That changed when we… perceived the broadcast.  It would be wrong to say we saw it or heard it, for we did not yet have physical senses of that kind.  But we did abruptly become aware of it.  The broadcast commanded our attention:

“This is the Tomorrow News Network, bringing you tomorrow’s news today since 17 billion years from now.”

We did not understand what this meant.  We had no concept of a tomorrow or a today, no concept of time in any sense of the word.  Even the idea of words, of communication, of information that could be passed from one individual being to another—why should such a thing be necessary when all is unity, all is harmony, all is one?  These ideas were strange and fascinating to us—and frightening.  The broadcast continued.  It could not be ignored, nor did we wish to ignore it.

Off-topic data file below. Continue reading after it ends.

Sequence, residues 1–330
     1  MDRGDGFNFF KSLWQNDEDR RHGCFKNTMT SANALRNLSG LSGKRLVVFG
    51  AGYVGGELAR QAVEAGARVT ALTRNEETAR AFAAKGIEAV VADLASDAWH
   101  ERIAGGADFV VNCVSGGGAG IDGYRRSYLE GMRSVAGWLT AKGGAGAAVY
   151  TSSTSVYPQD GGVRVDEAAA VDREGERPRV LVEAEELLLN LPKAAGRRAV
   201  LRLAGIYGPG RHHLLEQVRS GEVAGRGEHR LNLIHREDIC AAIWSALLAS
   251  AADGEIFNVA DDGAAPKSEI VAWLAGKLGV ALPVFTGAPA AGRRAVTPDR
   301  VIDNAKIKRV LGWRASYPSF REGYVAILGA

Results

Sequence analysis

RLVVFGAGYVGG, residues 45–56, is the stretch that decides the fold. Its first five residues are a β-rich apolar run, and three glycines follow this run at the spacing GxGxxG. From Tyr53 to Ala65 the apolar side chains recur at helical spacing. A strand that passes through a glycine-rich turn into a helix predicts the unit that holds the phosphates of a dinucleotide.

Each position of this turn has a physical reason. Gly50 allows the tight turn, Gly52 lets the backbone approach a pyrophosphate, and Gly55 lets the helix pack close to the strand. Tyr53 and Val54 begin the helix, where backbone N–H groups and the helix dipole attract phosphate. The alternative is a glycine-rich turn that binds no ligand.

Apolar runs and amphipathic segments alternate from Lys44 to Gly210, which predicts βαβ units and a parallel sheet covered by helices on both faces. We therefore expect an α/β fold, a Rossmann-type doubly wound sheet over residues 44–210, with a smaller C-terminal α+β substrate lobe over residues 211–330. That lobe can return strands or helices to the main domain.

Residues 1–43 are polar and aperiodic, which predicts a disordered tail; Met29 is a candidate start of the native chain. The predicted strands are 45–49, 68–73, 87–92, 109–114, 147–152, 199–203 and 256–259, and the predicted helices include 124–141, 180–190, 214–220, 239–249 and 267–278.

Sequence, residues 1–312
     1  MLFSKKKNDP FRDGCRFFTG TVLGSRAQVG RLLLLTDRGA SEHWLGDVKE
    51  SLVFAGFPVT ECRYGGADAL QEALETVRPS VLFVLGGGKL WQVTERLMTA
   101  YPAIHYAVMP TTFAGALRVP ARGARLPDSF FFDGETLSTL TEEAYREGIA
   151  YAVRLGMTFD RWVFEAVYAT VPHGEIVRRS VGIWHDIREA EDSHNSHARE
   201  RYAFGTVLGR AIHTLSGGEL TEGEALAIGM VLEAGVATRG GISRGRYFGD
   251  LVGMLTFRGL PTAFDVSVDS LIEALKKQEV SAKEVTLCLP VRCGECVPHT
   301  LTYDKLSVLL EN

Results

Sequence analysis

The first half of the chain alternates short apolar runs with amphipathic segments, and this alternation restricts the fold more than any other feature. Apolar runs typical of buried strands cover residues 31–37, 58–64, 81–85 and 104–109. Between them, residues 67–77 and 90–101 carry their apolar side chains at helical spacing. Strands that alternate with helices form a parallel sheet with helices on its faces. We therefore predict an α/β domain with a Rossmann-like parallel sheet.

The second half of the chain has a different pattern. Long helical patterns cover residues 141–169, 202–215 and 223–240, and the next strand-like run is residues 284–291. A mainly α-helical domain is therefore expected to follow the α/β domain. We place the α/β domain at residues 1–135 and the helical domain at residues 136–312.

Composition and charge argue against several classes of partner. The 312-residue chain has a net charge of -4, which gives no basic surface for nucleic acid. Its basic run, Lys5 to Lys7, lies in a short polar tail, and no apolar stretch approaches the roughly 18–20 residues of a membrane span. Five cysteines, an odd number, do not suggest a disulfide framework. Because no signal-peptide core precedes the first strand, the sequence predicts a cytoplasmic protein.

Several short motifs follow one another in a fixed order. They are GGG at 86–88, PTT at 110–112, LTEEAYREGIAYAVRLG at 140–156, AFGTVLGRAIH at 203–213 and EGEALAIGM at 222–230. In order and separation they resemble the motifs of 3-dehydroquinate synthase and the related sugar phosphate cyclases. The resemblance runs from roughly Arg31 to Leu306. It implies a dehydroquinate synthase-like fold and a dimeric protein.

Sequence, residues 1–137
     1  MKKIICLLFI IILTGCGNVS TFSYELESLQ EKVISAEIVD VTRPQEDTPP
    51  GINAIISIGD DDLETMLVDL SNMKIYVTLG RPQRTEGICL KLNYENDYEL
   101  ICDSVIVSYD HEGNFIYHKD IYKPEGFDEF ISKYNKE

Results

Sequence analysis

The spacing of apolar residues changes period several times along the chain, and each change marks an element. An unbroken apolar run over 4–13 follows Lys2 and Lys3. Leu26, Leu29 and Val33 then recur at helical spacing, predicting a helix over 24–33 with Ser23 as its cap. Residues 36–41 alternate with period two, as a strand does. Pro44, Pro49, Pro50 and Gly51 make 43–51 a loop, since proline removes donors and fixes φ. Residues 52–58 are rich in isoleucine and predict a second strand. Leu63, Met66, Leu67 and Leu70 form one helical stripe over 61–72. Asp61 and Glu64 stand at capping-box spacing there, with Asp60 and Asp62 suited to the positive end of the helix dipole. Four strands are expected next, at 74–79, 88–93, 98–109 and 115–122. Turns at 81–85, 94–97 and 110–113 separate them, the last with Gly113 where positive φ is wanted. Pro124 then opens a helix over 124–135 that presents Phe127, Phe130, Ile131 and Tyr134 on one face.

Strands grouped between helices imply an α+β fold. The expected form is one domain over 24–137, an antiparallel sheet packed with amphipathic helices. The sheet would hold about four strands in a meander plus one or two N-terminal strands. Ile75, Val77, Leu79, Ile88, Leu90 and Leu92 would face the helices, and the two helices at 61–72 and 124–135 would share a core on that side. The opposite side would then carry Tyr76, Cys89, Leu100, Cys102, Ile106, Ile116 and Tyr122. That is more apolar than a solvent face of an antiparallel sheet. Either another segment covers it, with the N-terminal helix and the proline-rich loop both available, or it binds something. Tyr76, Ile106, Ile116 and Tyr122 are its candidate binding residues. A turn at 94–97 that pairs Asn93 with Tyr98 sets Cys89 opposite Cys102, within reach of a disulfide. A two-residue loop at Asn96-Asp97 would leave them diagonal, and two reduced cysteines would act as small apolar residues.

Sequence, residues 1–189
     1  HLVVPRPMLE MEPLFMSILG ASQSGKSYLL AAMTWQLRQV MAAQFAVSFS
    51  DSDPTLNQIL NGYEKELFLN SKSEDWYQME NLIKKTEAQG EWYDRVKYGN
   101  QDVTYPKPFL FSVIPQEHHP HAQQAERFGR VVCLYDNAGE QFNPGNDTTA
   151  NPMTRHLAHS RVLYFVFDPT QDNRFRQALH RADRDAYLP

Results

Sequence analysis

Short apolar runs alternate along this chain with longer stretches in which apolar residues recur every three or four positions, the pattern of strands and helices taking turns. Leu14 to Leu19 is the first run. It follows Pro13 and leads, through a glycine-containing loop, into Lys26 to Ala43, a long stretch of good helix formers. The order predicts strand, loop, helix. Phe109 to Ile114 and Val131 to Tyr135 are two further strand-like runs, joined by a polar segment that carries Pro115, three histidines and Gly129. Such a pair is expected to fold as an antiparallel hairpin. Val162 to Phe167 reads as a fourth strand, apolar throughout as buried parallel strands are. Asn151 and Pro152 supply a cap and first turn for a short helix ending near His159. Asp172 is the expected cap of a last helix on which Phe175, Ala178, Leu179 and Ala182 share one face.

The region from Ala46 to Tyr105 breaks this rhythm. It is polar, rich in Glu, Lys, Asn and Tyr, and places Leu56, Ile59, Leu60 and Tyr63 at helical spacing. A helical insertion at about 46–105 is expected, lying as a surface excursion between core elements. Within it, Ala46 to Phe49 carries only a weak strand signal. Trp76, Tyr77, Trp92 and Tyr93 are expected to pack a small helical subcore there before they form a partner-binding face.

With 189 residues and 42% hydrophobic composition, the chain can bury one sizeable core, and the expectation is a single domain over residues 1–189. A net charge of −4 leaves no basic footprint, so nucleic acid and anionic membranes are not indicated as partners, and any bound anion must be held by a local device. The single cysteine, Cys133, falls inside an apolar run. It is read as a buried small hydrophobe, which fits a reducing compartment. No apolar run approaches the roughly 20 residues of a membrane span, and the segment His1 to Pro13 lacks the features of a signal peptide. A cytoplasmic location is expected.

And that, we would later come to understand, was the trap. The future is, by its very nature, an unknown quantity, a changeable quantity.  But to learn of the future, to be informed about future events (or in our case, to become aware that future events exist at all) transformed this unknown, changeable quantity into an inevitable, unchangeable fact.

One of the Tomorrow News Network reporters was explaining what religion would be.  She was a confusing creature.  We did not understand what she was.  We did not know yet about humans, or females, or eyes, or the color violet; and yet the instant we perceived this female human we knew the color of her eyes was wrong.  Unnatural.  A sign of danger.

“The birth of the universe,” this violet-eyed creature was saying, “will be known by many different names among many different peoples: the Rifting, the Great Hatching, the Big Bang, the Primal Illumination. But the most widely accepted name, at least among chronotheorists, will be Time Index Zero.”